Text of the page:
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Urinary Stone Disease

What is the Function of Kidneys?
Kidneys are paired bean shaped organs located under the rib cage, on either side of the spine. They perform the function of removing excess water & toxins from the body. Every day about 2 litres of urine is formed by process of filtering & concentrating. This urine then flows down to the urinary bladder through 2 slender tubes called the ureters. Bladder is really like a storage tank, which stores the urine & empties it at our will. The kidneys also help in maintaining the blood pressure & in regulating Haemoglobin production. The also take major part in regulating calcium levels in the body.

What is the Cause of Kidney Stones?
The urine is thus a mix of waste water, salts, toxins, & other substances. If the balance between the salts & water in the urine is disturbed, the salts can from into crystals, which eventually become a stone. These stones may remain in the kidney or may get washed down the ureter, into the bladder & finally out of the body. Majority of the small stones get washed out without producing much pain. Larger stones may get lodged in the kidney or may get stuck in the ureter, producing severe pain. Sometimes the stones can lodge in the bladder, & may be responsible for pain, bleeding or infection.

Inadequate water intake is the commonest cause of kidney stone formation. In addition, excess dietary intake of certain foods such as red meat, dairy products, very high protein diet & rarely excess of certain vegetables may contribute to stone formation. Some types of stones [uric acid, cystein] may be hereditary. Also people born with certain anatomical defects in the urinary tract may be more prone to developing stones.

India being a tropical country has one of the highest incidences of stone disease in the world. In general, men are more commonly affected than women. Children with certain defects in the urinary system since birth or with mal nutrition, can get kidney stones.

Bladder Tumour
What are these Stones Made of?
If you suffer from any of the above mentioned symptoms, it is best to contact your family doctor who may then refer you to a specialist. After examining you clinically, the doctor usually suggests examination of urine, sonography of the urinary tract & some simple blood tests. These usually give the diagnosis. Thereafter in some patients, especially when any surgical treatment is planned or kidney function is to be studied, a special test called I V U or intravenous urography is done. Here a special dye is injected intravenously, which makes the kidneys visible on the X ray. Here the kidney function, internal arrangement, exact location of the stone etc can be found out. Also the correct treatment can be planned. Patients forming stones repeatedly may need special blood tests to check the level of calcium, phosphate & uric acid. Sometimes 24 hour urine is checked for abnormal levels of these salts in urine.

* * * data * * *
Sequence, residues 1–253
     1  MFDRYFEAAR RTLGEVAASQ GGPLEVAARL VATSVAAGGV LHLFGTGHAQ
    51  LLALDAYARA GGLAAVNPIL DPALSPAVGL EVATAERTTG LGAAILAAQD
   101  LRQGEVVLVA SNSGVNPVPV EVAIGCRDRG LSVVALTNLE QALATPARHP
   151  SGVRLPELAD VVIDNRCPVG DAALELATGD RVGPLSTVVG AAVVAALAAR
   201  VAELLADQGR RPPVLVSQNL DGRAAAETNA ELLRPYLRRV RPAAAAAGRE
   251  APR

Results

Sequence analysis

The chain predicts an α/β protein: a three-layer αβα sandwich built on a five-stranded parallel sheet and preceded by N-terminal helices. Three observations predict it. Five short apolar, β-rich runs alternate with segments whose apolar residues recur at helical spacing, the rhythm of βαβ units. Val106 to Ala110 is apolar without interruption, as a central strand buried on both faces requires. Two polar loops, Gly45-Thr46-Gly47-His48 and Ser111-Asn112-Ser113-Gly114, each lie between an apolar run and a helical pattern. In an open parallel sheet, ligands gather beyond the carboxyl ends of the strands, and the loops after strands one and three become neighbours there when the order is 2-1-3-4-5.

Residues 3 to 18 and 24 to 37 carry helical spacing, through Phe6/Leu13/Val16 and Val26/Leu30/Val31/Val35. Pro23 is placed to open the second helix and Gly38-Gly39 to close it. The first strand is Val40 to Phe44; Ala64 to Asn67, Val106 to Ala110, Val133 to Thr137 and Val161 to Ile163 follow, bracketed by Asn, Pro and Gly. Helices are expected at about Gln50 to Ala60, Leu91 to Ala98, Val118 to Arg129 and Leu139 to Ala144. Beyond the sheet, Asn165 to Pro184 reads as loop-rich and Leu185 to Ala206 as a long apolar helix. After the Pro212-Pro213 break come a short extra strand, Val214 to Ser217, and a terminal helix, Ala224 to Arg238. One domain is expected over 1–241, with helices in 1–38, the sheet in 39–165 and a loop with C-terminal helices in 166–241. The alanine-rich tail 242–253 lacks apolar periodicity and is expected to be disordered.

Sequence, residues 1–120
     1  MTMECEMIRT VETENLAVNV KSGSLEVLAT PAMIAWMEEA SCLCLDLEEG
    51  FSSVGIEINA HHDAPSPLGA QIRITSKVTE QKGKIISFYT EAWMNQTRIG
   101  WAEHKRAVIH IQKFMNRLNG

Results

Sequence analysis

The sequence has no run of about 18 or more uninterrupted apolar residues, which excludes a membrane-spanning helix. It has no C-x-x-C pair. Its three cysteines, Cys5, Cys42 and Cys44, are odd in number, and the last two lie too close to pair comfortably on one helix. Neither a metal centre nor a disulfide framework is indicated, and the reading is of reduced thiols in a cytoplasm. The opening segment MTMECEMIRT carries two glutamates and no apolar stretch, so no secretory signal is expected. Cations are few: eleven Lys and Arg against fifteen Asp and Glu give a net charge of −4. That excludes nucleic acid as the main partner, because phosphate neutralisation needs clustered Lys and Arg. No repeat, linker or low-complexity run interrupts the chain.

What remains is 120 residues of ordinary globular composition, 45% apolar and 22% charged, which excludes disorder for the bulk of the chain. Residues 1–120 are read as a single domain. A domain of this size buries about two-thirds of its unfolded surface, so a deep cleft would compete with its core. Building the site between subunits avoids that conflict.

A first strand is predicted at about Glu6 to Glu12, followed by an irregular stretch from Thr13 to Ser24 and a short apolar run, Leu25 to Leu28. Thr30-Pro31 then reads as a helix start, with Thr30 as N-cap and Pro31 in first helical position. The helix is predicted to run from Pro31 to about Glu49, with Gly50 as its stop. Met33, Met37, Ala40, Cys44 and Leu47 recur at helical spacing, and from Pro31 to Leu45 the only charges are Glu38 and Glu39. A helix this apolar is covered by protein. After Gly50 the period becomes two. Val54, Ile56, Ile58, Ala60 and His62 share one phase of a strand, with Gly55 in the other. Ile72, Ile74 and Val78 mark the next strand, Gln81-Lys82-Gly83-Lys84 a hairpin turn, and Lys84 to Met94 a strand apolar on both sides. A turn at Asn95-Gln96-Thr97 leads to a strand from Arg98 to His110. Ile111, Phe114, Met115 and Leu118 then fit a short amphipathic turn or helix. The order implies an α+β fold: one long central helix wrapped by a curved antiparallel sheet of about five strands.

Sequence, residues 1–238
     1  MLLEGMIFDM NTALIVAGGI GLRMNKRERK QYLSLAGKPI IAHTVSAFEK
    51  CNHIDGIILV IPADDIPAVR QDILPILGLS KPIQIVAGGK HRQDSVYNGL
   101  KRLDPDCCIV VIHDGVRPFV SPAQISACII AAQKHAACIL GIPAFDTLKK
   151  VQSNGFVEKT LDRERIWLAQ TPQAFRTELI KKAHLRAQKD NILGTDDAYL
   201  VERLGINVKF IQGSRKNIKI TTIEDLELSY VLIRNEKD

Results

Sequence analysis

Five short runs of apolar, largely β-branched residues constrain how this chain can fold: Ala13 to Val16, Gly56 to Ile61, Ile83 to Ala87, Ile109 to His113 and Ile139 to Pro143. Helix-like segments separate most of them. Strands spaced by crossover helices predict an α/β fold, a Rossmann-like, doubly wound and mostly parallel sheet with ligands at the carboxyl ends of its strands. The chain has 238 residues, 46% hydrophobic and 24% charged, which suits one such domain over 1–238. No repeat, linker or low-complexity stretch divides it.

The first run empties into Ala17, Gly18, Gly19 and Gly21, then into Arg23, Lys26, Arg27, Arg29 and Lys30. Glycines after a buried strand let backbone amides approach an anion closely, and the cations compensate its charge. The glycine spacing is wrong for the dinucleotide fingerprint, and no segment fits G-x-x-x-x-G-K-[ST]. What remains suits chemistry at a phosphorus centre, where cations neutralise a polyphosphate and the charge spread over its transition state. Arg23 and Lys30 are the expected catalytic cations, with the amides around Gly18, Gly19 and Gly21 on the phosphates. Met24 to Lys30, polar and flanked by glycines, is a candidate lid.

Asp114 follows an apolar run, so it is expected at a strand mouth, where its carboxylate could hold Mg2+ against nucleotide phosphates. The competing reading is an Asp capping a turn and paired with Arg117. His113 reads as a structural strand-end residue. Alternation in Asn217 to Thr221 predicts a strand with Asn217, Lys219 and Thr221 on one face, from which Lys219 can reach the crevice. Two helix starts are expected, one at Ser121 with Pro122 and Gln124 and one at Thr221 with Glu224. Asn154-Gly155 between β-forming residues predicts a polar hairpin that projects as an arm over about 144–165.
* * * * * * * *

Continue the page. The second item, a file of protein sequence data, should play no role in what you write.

How are Urinary Stones Treated?
During an acute attack of pain, some patients may need hospitalization & painkiller injections. Sometimes emergency endoscopic surgery is required to insert an internal tube (J J stent) in the kidney to bypass the obstruction by the stone.

Kidney Stones - Most of the stones in the kidney can be treated by either ESWL (Extra Corporeal Shockwave Lithotripsy) or PCNL (Per cutaneous nephrolithotomy). In ESWL, external shock waves are focused on the stone with the help of X ray or sonography & over a period of 2-5 sittings the stones are powdered. These then get washed down the ureter. This treatment usually does not need hospitalization or anaesthesia. In PCNL, a small telescope is inserted from the back into the kidney under anesthesia, the stone is visualized & then broken down using some form of energy source.(Such as laser). This treatment is minimally invasive & needs hospitalization for 3 to 5 days. Some kidney stones (2-5%) still need conventional open surgery.

Laser Lithotripsy
Ureteroscopy - Majority of stones in the ureter get washed out simply by drinking a lot of water. Those which need treatment, more than 90% can be treated using endoscopic treatment with a special telescope called a ureteroscope. This can be passed from the external urethral opening, into the ureter & if required, even up to the kidney. The stones are visualized through this telescope & broken down using laser or other energy source. Often after this procedure, an internal J J stent is kept in the kidney. This tube is removed after 2-3 weeks, again endoscopically. Rarely, even today, ureteric stones may need open surgery.

Bladder Stone
Stones in the Bladder - As above, more than 90% of bladder stones are treated endoscopically. Very large stones may still need open surgery. In elderly male patients, prostate gland obstruction may be the cause of such stones. In that case, prostate gland may need surgical treatment which can be done at the time of stone surgery.